O.K. Chukwuka , I.C. Okoli , M.N. Opara , A.A. Omede , I.P. Ogbuewu and O.O.M. Iheshiulor
  This review was developed to help those who might have experience financial loss to better understand mycotoxin problems and their control. Mycotoxins are secondary metabolites produced by certain toxigenic fungi while growing on organic substances. Scores of compounds produced by fungi have been identified and many are capable of accumulating in certain feed and food commodities. The feed/ingredient contamination with toxins may occur anywhere in the supply chain, starting from the harvest of the feedstuffs, to storage, processing and feeding channels in the farm. Mycotoxin contamination of feed is recurring problem in livestock feed industry. These mycotoxins when gets into the system of the animals or humans consuming them may cause moderate to severe toxicity symptoms. Low levels of prolonged ingestion of mycotoxins can be more hazardous than what it was thought about. The economic impacts associated with mycotoxins go far beyond the losses incurred by the feedstuff producer. They will be spread throughout the system to handlers, distributors, processors, livestock and dairy operators, consumers, national and state governments. If exports or other markets are lost due to questionable feedstuffs quality, the overall price level for the commodity could fall and result in even greater losses throughout the agricultural sector. Hence, a rational approach has to be adopted for effective control of mycotoxins.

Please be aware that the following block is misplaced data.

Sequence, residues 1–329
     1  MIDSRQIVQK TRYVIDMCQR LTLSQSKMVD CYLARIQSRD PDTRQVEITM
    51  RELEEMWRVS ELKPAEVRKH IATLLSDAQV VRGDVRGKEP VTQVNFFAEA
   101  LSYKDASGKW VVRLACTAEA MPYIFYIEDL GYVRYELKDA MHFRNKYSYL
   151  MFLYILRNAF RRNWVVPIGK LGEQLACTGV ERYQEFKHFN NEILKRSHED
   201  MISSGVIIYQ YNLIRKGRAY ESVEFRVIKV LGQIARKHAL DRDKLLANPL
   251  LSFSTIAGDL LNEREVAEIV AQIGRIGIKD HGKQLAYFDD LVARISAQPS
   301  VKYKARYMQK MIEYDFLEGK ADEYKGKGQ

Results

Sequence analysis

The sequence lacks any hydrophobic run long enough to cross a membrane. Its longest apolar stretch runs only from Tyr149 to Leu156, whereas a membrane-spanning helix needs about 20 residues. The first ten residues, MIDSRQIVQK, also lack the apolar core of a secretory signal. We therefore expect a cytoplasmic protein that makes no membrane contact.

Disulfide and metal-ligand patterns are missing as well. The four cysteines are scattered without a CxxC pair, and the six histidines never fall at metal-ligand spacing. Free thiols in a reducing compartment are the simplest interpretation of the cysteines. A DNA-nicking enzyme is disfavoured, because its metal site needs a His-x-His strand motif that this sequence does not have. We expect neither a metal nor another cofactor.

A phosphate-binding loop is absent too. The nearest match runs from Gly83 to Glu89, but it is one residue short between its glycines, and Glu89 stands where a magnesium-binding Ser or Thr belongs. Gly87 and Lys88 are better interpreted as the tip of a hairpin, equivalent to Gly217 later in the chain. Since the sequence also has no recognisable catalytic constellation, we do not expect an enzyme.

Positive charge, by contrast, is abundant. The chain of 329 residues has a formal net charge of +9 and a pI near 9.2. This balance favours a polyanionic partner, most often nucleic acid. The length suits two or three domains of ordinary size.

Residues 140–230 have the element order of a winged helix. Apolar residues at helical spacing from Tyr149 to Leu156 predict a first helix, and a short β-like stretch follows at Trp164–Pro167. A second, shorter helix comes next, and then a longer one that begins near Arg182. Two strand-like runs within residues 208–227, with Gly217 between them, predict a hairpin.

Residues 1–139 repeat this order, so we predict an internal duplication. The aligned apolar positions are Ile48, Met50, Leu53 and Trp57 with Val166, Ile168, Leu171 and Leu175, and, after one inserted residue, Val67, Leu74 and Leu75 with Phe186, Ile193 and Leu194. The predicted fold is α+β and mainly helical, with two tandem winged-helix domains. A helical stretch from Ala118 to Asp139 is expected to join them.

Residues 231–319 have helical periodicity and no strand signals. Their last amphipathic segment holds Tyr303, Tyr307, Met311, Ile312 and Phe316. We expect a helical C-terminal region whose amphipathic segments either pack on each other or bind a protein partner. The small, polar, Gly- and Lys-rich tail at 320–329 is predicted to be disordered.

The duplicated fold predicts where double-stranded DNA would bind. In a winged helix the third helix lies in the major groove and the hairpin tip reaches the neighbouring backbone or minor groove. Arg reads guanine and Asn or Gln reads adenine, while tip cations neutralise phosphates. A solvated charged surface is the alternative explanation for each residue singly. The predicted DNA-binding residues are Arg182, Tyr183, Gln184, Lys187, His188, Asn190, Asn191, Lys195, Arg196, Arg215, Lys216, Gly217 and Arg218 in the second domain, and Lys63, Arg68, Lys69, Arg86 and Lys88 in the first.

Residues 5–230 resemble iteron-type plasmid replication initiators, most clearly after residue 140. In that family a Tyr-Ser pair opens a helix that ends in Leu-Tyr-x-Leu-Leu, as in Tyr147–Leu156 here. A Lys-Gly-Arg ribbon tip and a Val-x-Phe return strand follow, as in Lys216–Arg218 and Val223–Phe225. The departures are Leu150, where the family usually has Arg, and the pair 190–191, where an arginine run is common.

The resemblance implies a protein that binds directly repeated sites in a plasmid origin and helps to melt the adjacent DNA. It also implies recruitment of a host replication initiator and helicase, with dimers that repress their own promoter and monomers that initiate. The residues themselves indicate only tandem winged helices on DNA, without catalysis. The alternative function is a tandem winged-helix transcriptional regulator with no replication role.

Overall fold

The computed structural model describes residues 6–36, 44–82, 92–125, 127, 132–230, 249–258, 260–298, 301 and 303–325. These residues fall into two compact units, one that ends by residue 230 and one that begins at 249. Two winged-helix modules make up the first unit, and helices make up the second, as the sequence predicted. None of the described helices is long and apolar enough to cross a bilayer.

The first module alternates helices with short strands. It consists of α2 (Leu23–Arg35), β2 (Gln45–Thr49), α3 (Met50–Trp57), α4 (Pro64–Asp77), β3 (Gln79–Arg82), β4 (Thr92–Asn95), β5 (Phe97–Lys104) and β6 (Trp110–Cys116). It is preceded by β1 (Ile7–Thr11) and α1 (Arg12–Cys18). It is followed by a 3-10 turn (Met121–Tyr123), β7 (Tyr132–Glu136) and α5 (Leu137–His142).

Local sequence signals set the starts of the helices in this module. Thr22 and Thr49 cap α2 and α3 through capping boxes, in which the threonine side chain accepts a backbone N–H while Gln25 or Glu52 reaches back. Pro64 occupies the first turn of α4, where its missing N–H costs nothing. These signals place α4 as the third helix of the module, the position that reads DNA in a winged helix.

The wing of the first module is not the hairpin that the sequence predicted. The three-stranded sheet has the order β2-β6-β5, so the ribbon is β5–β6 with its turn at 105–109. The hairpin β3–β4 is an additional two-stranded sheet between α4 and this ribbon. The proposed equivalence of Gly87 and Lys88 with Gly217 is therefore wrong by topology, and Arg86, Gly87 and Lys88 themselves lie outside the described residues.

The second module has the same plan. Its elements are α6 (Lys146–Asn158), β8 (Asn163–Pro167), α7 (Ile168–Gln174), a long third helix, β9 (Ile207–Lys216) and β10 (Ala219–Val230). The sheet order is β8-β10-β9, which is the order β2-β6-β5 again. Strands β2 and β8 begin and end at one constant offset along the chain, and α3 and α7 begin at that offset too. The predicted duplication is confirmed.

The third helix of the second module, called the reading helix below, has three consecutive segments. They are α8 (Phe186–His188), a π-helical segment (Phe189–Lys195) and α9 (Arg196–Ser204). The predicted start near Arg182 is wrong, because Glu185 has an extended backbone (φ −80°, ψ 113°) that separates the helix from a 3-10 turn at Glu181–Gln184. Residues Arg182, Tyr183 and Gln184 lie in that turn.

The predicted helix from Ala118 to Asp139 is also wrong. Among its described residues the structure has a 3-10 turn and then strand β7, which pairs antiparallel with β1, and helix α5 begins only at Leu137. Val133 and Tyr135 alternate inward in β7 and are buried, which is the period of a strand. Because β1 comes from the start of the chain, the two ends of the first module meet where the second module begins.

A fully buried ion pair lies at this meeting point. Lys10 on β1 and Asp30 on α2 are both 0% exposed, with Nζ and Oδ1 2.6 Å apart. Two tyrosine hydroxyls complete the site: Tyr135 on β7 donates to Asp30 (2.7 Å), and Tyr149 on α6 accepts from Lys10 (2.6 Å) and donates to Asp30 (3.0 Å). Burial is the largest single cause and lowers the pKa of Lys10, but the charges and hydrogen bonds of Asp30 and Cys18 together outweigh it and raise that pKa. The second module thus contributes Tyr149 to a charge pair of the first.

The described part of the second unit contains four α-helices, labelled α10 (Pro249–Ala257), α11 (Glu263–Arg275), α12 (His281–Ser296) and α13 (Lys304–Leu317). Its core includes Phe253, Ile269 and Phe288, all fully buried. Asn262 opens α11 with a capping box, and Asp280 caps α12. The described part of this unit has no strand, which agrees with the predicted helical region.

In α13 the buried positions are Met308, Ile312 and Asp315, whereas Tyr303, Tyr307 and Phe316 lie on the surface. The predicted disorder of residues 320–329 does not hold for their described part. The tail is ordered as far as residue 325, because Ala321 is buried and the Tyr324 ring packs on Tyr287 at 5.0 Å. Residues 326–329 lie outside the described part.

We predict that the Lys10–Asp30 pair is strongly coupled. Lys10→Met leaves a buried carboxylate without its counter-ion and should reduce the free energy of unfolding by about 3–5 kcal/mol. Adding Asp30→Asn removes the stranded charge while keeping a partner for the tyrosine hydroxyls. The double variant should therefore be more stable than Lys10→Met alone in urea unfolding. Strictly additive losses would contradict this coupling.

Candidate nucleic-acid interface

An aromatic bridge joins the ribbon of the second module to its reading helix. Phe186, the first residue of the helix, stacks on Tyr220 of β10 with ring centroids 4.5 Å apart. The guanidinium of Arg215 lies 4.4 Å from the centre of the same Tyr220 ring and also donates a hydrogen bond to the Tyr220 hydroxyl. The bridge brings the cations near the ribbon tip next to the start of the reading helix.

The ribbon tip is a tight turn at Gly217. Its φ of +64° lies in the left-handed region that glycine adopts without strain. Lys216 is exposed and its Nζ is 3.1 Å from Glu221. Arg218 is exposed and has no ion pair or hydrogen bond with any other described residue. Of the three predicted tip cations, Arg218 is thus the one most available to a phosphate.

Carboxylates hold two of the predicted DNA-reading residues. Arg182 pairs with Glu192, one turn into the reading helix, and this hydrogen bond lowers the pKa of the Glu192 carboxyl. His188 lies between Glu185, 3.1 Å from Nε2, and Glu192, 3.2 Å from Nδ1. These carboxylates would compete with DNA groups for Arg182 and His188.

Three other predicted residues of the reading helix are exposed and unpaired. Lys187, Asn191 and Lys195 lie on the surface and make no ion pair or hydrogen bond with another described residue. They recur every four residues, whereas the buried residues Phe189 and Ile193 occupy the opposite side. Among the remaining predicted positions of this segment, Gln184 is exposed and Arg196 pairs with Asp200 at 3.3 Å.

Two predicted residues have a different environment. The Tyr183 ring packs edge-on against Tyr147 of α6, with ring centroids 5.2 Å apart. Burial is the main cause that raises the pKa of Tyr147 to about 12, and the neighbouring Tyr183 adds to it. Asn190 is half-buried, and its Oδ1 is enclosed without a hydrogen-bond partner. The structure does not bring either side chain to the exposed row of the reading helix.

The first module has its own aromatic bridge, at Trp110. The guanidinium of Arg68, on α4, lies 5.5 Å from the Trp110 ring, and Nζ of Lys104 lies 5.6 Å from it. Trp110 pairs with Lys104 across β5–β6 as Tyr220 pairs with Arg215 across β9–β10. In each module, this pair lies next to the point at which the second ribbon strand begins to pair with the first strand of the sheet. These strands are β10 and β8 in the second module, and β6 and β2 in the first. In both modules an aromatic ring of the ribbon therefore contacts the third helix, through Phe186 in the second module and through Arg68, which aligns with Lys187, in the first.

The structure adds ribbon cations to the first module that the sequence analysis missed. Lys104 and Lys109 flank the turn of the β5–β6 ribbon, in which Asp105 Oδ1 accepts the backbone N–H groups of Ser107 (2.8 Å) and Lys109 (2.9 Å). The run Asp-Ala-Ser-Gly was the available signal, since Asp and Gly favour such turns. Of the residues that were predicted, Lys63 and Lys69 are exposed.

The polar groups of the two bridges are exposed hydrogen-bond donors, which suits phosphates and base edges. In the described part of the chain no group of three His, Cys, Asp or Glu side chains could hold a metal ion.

I.P. Ogbuewu , A.A. Omede , O.K. Chukwuka , O.O.M. Iheshiulor , M.C. Uchegbu , A.C. Udebuani , B.C. Ekenyem , I.C. Okoli and M.U. Iloeje
  Phytoestrogens are naturally occurring phytochemicals found in plants and plant products, which are structurally and functionally similar to human or animal estrogens (17β-oestradiol) or synthetic estrogens such as diethylstilboestrol. The principal phytoestrogens are the isoflavones, which are similar to 17β-oestradiol and then the lignans derived from precursors in the diet by the gut microflora. Isoflavones are members of the flavonoid family, which are in turn members of the larger group of plant constituents known as polyphenols. The principle isoflavones in soy are genistein, daidzein and their metabolites. Since, soy isoflavone are naturally occurring non-steroidal compounds, which are structurally similar to endogenous gonadal steroid 17β-estradiol, they possess the ability to cause estrogenic or/ and antiestrogenic effects and therefore could trigger estrogen dependent physiological responses. As result of these actions, there is currently much interest within the scientific community regarding clinical benefits of soy based isoflavone.